My first modern smartphone was an HP Pre 3. It ran webOS, software of ingenious UX design. Unfortunately, what was once Palm had died, and took webOS with it.
Such great UX is yet to be seen again. Even stock Android is having a hard time replicating the success, and it’s led by the same guy – Matias Duarte.
Two main factors are to blame.
First, some products are blocked by their own history. Android is a prime example. Even though Ice Cream Sandwich and Lollipop were great advancements, the core principals of the OS serve as a glass ceiling to Matias. For great UX, it’s crucial to either have a blank slate or the courage to create one. This is also why you shouldn’t put your hopes in apps, which usually adhere to Google’s or Apple’s design guidelines.
So far so good. The second factor is the real problem:
People don’t realize that UX is not pretty.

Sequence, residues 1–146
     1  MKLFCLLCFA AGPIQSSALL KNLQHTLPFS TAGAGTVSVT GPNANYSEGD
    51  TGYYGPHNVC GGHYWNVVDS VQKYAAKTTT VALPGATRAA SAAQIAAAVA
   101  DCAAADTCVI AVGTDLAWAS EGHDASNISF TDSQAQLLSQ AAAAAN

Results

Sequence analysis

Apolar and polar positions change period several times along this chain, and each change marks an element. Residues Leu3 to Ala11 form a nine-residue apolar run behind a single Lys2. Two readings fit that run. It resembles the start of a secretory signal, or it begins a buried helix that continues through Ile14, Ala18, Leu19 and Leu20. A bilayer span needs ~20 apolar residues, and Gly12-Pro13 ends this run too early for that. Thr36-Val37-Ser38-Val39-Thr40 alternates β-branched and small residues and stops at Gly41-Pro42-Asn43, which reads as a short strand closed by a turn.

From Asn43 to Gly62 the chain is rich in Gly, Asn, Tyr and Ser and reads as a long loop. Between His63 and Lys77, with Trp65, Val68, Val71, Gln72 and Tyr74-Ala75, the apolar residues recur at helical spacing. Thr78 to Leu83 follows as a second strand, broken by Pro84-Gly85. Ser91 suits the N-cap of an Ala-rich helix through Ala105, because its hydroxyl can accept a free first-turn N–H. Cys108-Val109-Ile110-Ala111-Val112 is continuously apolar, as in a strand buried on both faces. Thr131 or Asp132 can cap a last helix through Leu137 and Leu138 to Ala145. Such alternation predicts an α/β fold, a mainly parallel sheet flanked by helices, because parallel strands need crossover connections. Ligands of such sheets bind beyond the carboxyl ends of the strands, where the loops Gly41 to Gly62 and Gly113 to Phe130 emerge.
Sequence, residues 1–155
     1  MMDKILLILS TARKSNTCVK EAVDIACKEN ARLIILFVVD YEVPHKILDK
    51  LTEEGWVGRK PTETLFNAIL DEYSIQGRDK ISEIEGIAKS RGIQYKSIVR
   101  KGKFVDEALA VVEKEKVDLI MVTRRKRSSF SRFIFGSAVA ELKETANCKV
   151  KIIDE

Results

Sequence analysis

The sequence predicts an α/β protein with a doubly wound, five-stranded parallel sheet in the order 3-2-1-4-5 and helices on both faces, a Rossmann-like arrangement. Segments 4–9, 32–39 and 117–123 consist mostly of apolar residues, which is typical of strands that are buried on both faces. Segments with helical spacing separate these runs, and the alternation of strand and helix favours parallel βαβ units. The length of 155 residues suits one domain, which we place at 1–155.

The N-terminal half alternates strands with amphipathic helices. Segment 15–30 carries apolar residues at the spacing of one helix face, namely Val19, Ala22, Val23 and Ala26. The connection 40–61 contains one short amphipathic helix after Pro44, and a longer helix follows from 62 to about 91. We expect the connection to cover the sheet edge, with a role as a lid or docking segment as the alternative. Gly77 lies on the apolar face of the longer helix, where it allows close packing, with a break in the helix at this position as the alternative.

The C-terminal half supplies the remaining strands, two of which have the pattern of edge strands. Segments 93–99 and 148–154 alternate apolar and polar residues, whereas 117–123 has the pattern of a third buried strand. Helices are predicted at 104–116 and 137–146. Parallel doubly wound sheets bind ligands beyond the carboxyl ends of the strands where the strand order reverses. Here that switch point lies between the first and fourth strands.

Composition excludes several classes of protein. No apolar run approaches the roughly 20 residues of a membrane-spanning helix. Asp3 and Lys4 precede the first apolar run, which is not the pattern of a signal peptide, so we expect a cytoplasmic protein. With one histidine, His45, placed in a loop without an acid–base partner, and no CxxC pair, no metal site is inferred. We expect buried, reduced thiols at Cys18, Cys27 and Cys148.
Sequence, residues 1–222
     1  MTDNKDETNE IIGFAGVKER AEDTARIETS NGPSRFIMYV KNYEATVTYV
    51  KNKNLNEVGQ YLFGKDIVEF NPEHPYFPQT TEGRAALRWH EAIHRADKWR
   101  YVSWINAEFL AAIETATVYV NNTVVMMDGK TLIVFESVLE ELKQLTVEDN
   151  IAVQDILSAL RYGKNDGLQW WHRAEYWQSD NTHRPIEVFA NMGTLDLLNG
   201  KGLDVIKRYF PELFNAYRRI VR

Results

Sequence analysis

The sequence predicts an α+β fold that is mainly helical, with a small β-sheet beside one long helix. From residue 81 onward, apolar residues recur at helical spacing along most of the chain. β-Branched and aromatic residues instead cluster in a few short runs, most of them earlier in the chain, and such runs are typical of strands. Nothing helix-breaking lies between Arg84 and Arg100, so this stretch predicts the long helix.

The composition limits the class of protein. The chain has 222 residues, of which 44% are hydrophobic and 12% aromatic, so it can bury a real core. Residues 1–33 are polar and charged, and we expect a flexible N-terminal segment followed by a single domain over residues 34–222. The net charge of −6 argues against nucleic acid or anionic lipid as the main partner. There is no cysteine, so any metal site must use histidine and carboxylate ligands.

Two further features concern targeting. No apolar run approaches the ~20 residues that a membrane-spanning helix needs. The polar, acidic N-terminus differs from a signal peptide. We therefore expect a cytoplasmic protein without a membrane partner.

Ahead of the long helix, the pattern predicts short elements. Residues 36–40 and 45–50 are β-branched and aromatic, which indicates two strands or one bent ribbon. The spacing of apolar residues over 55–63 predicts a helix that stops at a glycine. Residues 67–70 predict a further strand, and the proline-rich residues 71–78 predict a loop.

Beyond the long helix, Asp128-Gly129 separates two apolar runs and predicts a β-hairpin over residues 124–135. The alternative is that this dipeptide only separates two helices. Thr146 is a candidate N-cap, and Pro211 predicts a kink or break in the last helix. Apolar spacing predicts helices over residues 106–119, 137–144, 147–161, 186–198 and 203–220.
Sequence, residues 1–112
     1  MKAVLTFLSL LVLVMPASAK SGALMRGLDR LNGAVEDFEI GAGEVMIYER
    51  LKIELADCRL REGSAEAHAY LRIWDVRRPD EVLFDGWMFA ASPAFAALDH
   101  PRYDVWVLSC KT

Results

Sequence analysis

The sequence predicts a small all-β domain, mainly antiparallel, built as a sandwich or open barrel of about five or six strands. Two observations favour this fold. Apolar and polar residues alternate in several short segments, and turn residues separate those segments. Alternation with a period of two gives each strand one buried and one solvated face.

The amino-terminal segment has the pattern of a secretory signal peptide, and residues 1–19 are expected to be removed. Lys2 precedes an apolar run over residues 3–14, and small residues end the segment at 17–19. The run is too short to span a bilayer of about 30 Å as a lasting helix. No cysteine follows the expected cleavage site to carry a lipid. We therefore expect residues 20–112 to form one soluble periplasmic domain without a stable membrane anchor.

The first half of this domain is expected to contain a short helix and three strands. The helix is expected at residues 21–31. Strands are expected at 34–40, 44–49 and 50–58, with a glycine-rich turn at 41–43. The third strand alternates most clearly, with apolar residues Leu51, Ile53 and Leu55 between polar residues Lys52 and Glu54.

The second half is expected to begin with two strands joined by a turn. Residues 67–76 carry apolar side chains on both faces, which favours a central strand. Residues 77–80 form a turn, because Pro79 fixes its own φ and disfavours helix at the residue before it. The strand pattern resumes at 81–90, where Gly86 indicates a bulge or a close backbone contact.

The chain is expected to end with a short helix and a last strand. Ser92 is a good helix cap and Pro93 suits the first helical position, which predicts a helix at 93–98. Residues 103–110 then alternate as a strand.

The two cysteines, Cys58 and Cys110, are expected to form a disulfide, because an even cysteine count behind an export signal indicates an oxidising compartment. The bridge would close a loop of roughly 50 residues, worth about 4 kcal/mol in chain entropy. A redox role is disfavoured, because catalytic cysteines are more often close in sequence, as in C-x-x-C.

Thankfully and gratefully, we do not lack programming work. We do, however, have a hard time acquiring UX gigs. “What, no design?” they ask. “Nope,” we answer. UX is not pretty. The result of UX work is a boring description (visual and textual) of the structure and behavior of different screens. That raw form has very little value to non-UX people.
Regardless, UX is tied tightly with aesthetics in people’s minds, and therefore when they hire someone to do it, they usually look for a design combo. Finding an exceptional designer is hard. Finding and exceptional UX designer is hard. Finding an exceptional all-in-one is almost impossible. Furthermore, judging the beauty of something is much easier, so usually it is the UX part that suffers.
“But wait!” you say. “Many designers also do HTML and CSS just fine!” That’s true, but writing HTML and CSS is very technical work, while design and UX design are arts as much as crafts.
Next time when you realize you need a UX person, remember: UX is not about looking good. UX is about behaving well. You get the best UX designer you can, and let the designer worry about pretty.
Who knows? Maybe we’ll see another webOS.